State report cards connoting school success are often based solely on student test scores, giving parents an incomplete snapshot of a school’s quality, argues a report from a group that advocates political action in low-income communities.
Only 10 states regularly offer data other than assessment results, according to the survey by the Center for Community Change, a nonprofit organization with offices in Washington and San Francisco. Thirteen states don’t issue report cards at all, the group reports in “Individual School Report Cards: Empowering Parents and Communities To Hold Schools Accountable,” released last week.
States also should incorporate attendance rates, graduation rates, teacher qualifications, and class-size figures so parents can get a full understanding of what’s happening at the school, the study says.
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|The report is available for $8 from the center at 1000 Wisconsin Ave. NW, Washington, DC 20007; (202) 342- 0567|
“People have a right to this information,” said Leigh Dingerson, a policy specialist for the center who wrote the report. “It has a very important role in holding their children’s school accountable to a level of performance.”
The center calls on Congress to require states to expand the content of report cards as a condition for receiving money from the $8.6 billion Title I program serving disadvantaged students. Title I law currently compels states to publish test scores on schools participating in the program and to break out scores by race and ethnicity. The 13 states that are not complying are on schedule to do so in the next year, the report says.
But states ought to be doing more than just giving test scores, Ms. Dingerson said. “It’s absolutely relevant for the federal government to say, ‘If you want federal funds, you have to provide a greater level of information to your consumers,’” she said.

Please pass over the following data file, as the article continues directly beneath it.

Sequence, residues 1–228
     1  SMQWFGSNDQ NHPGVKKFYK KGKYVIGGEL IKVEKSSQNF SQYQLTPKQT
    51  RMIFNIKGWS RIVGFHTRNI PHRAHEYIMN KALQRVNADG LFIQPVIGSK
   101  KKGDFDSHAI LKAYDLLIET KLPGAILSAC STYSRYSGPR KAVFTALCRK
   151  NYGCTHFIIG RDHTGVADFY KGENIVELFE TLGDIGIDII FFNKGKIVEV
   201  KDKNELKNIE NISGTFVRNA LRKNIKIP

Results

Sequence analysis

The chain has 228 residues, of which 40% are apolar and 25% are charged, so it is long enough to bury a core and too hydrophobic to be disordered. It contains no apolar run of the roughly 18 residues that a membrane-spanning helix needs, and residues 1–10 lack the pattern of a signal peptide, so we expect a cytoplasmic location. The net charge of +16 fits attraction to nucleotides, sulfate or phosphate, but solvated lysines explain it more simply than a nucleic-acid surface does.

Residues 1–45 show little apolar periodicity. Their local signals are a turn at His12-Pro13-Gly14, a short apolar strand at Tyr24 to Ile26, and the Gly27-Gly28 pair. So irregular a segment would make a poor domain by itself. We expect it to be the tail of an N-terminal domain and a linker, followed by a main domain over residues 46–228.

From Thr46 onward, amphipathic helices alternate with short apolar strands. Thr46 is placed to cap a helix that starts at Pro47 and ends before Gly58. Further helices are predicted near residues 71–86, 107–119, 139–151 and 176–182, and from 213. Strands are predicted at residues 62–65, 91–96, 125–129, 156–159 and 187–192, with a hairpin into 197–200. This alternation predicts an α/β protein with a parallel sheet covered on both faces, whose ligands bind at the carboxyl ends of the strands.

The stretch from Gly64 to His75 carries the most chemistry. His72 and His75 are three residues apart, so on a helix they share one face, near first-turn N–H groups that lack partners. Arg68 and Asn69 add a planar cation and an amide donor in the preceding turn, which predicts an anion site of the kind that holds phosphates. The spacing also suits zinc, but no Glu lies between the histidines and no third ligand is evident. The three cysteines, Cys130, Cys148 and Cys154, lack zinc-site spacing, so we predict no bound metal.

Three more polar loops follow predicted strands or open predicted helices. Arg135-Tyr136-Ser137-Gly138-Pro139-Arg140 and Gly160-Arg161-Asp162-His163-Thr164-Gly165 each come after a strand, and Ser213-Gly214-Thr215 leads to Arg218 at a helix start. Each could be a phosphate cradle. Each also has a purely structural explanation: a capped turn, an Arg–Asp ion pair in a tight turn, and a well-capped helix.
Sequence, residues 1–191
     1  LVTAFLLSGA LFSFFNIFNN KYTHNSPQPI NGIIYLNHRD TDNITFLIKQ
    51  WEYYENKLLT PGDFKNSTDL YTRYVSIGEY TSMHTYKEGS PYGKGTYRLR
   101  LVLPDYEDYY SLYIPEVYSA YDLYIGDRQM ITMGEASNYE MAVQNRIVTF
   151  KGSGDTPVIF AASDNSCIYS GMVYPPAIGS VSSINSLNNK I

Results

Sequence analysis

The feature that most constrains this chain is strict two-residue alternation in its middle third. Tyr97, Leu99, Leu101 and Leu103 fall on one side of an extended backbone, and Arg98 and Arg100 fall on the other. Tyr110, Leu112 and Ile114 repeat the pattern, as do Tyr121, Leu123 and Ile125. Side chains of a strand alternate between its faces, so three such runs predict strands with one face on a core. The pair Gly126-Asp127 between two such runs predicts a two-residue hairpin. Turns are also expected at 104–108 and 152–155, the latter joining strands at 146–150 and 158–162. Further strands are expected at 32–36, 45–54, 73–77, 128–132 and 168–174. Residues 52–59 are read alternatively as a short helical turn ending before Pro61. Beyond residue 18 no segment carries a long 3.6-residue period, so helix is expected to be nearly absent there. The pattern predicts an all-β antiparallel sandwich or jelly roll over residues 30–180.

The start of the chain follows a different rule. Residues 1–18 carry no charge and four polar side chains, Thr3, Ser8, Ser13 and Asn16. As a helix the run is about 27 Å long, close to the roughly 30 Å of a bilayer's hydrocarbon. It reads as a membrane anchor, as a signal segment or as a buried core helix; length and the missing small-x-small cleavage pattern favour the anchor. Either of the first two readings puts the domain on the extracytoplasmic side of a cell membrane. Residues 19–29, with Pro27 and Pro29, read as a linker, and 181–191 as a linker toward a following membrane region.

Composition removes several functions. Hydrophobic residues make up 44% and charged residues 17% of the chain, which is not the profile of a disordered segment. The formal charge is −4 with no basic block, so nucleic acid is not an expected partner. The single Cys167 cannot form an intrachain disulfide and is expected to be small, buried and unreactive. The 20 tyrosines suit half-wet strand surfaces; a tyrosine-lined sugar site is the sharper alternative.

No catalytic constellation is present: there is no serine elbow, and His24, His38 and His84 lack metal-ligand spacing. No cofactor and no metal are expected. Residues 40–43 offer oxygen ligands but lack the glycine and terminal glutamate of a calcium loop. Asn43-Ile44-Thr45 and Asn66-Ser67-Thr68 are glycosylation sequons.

The House bill to reauthorize Title I and other federal K-12 programs includes two items that the Center for Community Change wants in report cards. Along with compelling states to report a breakdown of every school’s test scores, the bill would require that they publish teachers’ certification status for every school and the four-year graduation rate of high schools.
The center also wants states to report schools’ expulsion and suspension rates, average class sizes in every grade, and greater detail about teacher qualifications.
The Senate’s companion bill would continue to require states to publish schools’ test scores, but would give states leeway to decide what other information to include. Ms. Dingerson said she was optimistic that the Senate would expand its report-card requirements when it starts debate on the bill, expected later this month.
But a House Democratic aide involved in negotiations over the House bill said it was unlikely that chamber would expand what’s in the report cards. Republicans are unlikely to increase the report-card mandates further, according to the aide, who asked not to be named, because one of the main goals of the bill is to ease federal requirements on school districts.
Connecticut, Hawaii, and Nevada already publish the expanded report cards that the center is requesting, the report says.
Texas also reports such data, according to DeEtta L. Culbertson, a spokeswoman for the Texas Education Agency. The report cards posted on the state’s Web site include state test scores, attendance rates, dropout rates, teacher information, and budget figures. “Districts have to report all this information anyway,” she said. “It’s just a matter of putting it back in a different format.”
A version of this article appeared in the April 18, 2001 edition of Education Week as Advocate for Poor Communities Urges Detailed Data on Report Cards